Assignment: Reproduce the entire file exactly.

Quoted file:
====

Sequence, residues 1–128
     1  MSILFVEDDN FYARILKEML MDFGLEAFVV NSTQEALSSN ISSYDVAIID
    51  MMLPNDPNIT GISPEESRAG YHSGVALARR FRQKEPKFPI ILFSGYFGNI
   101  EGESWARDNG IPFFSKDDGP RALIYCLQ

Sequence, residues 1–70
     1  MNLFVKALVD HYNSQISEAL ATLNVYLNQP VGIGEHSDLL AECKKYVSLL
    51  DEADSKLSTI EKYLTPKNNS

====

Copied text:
Sequence, residues 1–128
     1  MSILFVEDDN FYARILKEML MDFGLEAFVV NSTQEALSSN ISSYDVAIID
    51  MMLPNDPNIT GISPEESRAG YHSGVALARR FRQKEPKFPI ILFSGYFGNI
   101  EGESWARDNG IPFFSKDDGP RALIYCLQ

Sequence, residues 1–70
     1  MNLFVKALVD HYNSQISEAL ATLNVYLNQP VGIGEHSDLL AECKKYVSLL
    51  DEADSKLSTI EKYLTPKNNS